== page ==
"This is an exciting and historic moment for Axiom and the greater Houston area," says Axiom CTO Matt Ondler in the release. "For the first time, spacecraft will be built and outfitted right here in Houston, Texas. This facility will provide us with the infrastructure necessary to scale up operations and bring more aerospace jobs to the area. With this new facility, we are not only building next generation spacecraft, but also solidifying Houston as the U.S. commercial industry's gateway to space."

Axiom Space, which raised $130M in venture capital last year, is building out its 14-acre headquarters to accommodate the creation of more than 1,000 high-paying jobs, from engineers to scientists, mathematicians, and machinists.

"Houston is a city built on innovation and is becoming a next-generation tech hub in the United States," says Ron Williams, senior vice president at Jacobs. "Privately funded infrastructure will drive U.S. leadership in space. Jacobs is committed to providing integrated solutions to accelerate the future of commercial space operations."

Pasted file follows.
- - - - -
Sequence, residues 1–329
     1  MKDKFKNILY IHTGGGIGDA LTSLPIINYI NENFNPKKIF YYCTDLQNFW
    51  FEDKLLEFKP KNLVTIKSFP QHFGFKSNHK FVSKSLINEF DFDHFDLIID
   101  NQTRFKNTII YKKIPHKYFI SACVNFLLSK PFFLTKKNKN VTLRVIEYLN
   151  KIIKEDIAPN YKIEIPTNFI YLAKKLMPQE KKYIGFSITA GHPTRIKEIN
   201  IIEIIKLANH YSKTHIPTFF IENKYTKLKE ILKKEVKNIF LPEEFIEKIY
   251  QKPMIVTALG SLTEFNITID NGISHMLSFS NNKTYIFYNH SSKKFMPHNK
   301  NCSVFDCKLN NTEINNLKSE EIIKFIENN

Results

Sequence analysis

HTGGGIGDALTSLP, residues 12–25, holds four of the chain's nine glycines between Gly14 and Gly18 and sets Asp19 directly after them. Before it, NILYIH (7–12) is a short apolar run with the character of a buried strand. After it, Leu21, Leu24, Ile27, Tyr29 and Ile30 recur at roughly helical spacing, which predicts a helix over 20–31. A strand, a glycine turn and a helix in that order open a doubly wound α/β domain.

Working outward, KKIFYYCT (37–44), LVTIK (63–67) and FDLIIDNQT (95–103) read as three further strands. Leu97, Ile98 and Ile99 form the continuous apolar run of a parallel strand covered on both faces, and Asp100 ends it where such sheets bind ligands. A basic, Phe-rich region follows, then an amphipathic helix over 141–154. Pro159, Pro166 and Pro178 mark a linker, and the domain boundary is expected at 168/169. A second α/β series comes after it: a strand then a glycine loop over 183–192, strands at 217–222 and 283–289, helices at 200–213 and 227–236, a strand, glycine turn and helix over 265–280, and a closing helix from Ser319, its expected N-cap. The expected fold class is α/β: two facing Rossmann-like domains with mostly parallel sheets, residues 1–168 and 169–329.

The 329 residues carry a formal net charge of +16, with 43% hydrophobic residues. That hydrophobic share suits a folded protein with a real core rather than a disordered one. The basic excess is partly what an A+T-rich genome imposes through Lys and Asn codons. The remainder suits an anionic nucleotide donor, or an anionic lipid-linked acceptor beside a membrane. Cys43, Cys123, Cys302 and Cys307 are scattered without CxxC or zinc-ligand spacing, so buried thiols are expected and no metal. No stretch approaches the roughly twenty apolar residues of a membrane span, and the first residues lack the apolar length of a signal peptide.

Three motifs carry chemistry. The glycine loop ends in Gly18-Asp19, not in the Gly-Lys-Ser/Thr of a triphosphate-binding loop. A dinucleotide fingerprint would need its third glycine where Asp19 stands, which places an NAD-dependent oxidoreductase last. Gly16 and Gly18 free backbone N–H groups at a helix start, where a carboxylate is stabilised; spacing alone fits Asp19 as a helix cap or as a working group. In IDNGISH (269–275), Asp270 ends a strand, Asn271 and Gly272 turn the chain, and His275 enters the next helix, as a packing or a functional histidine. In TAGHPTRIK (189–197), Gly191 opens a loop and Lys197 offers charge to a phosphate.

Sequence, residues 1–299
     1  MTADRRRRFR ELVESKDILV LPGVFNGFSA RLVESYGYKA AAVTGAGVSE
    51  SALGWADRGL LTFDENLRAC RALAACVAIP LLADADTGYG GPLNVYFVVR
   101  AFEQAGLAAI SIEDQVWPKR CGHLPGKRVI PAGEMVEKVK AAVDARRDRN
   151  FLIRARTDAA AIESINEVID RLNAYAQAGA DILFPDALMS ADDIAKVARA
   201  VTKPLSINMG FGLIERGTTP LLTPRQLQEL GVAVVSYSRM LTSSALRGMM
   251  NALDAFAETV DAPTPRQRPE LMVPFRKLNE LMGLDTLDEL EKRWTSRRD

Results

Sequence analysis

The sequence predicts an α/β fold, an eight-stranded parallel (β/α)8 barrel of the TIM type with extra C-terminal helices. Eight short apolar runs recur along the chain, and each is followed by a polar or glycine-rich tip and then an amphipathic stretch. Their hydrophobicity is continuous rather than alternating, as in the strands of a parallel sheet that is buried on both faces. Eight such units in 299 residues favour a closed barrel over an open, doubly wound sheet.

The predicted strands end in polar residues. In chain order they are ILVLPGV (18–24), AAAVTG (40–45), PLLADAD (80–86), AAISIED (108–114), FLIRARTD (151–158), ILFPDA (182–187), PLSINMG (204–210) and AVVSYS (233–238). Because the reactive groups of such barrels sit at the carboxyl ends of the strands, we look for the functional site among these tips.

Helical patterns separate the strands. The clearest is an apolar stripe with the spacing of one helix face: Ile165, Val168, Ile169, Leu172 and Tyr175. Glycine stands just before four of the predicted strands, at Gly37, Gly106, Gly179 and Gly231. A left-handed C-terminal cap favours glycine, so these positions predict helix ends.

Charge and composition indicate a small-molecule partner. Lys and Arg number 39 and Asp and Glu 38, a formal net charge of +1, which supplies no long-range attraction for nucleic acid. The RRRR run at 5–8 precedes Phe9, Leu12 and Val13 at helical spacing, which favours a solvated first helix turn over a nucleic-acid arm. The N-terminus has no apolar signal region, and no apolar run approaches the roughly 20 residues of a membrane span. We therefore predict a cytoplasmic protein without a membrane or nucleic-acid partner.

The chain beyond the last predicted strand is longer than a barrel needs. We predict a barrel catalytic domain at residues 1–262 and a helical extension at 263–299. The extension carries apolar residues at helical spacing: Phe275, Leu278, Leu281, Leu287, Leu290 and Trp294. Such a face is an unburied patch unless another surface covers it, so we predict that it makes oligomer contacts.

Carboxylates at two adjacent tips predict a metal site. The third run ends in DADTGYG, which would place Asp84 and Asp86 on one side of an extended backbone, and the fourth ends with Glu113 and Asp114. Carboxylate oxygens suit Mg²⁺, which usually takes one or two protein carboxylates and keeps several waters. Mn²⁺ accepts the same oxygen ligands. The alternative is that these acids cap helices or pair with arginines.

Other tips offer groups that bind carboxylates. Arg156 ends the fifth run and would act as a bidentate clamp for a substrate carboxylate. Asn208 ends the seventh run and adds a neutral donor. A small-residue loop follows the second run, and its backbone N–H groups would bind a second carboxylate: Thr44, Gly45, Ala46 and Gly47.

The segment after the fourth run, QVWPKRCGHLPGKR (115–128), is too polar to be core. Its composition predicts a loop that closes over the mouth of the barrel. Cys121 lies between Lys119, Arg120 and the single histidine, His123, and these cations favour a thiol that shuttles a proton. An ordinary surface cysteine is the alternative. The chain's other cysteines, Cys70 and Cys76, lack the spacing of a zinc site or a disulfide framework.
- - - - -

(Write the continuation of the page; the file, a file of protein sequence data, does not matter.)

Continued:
Houston food charity scores prestigious Amazon tech grant

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One of Houston’s most cherished food charities has been recognized for its tech prowess. Houston Food Bank has been awarded the Amazon Web Services (AWS) Imagine Grant.

The endowment honors “the vision and work of nonprofit organizations as they seek to improve their communities and the world with the help of cloud technology,” per a press release.